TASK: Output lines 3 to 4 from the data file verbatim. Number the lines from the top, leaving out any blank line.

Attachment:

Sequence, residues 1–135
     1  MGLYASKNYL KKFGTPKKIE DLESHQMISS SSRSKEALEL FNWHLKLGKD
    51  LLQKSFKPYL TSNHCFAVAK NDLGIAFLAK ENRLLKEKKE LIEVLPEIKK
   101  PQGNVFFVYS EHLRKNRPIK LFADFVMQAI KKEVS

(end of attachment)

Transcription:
    51  LLQKSFKPYL TSNHCFAVAK NDLGIAFLAK ENRLLKEKKE LIEVLPEIKK
   101  PQGNVFFVYS EHLRKNRPIK LFADFVMQAI KKEVS